The government moved to exclude evidence that the Montgomery County Sheriff's Office issued Phyfier a permit to carry a concealed weapon. See Motion in Limine (doc. no. 498). The government also seeks to exclude a copy of a pardon that Phyfier received for prior state convictions, which expressly states: “THIS PARDON DOES NOT RESTORE THE RIGHT TO SHIP, TRANSPORT, POSSESS OR RECEIVE FIREARMS, AS PROHIBITED BY THE FEDERAL GUN CONTROL ACT (18 USCA SECTION 922).” Pardon (555-1) at 1. According to the government, the evidence of the permit and pardon is irrelevant and thus inadmissible.

         Evidence is relevant if has any tendency to make more or less probable a “fact [that] is of consequence in determining the action.” Fed.R.Evid. 401. Phyfier posits two possible theories under which evidence of the permit and pardon would bear on facts of consequence to his felon-in-possession charges, and thereby be relevant and admissible. The first theory is that the evidence furthers his entrapment-by-estoppel defense to the felon-in-possession counts. The second theory is that the evidence tends to disprove that he had the knowing mental state required by Rehaif. As explained below, both theories of relevance fail.

         1. Entrapment-by-Estoppel Theory

         “Entrapment-by-estoppel is an affirmative defense that provides a narrow exception to the general rule that ignorance of the law is no defense.” United States v. Funches, 135 F.3d 1405, 1407 (11th Cir. 1998). To raise the defense successfully, the defendant must “actually rely on a point of law misrepresented by an official, ” and such reliance must be “objectively reasonable--given the identity of the official, the point of law represented, and the substance of the misrepresentation.” Id. In some circumstances, the defense may apply to counter a felon-in-possession charge. See Id. (citing United States v. Thompson, 25 F.3d 1558, 1563-64 (11th Cir. 1994)).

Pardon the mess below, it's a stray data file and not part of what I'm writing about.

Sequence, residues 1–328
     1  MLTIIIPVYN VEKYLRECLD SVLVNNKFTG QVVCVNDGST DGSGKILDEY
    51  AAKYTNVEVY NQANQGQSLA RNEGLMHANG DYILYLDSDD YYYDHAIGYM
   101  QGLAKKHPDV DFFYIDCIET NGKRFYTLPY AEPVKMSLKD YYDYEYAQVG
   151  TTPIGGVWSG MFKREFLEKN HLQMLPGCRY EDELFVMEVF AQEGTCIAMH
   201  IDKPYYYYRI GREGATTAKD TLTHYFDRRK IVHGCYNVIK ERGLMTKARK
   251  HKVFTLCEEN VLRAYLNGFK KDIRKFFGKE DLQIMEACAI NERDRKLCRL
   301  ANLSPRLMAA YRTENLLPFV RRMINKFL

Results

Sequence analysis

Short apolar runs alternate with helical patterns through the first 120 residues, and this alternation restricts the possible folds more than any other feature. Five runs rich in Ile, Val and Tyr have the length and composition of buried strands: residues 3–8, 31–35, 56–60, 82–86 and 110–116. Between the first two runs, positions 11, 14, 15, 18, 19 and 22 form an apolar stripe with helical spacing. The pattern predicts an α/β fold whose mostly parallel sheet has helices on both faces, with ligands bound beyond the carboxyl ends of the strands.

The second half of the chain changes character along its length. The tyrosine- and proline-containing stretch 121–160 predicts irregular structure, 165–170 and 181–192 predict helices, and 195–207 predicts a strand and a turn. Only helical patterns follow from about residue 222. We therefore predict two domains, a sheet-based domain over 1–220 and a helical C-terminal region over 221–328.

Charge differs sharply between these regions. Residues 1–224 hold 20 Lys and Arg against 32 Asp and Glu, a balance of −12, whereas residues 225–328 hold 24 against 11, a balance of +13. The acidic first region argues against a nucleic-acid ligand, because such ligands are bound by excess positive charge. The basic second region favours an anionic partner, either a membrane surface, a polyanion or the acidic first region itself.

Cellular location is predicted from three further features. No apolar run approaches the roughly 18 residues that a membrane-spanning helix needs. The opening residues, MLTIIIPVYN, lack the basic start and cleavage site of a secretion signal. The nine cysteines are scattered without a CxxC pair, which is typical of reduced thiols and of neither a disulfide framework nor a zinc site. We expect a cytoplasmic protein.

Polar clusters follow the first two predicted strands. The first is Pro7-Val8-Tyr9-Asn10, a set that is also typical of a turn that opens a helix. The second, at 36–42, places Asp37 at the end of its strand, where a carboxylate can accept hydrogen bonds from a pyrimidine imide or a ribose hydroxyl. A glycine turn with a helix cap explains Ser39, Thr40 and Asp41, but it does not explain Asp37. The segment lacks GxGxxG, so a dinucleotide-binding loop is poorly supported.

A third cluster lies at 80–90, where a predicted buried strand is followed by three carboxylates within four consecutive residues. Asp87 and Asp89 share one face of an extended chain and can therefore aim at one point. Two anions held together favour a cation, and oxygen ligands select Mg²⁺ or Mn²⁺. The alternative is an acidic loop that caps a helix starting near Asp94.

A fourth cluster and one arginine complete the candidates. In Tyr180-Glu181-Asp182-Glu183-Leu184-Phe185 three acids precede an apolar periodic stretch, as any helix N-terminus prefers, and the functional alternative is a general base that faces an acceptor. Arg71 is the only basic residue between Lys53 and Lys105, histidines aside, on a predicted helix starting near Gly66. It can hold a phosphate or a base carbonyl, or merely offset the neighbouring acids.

Critically, however, the Eleventh Circuit has clarified that the defense “is not applicable where the state incorrectly advises the person and, then, the federal government prosecutes the person.” Id. (citing United States v. Bruscantini, 761 F.2d 640, 642 (11th Cir. 1985)). In other words, “entrapment-by-estoppel, when asserted as a defense to a federal crime, requires reliance on a misstatement by an official or agent of the federal government.” Id. (emphasis added).

         Because the permit was issued by the Montgomery County Sheriff's Office--rather than by a federal agent or official--evidence of the permit does nothing to further a potential estoppel-by-entrapment defense to the federal felon-in-possession charges here. Hypothetically, if Phyfier also proffered evidence of a misstatement by a federal official or agent, the Montgomery permit-related evidence might be relevant to showing the reasonableness of his reliance on the federal misstatement. But that is not the case here: there is no proffered evidence of a misstatement of law by a federal agent or official. ...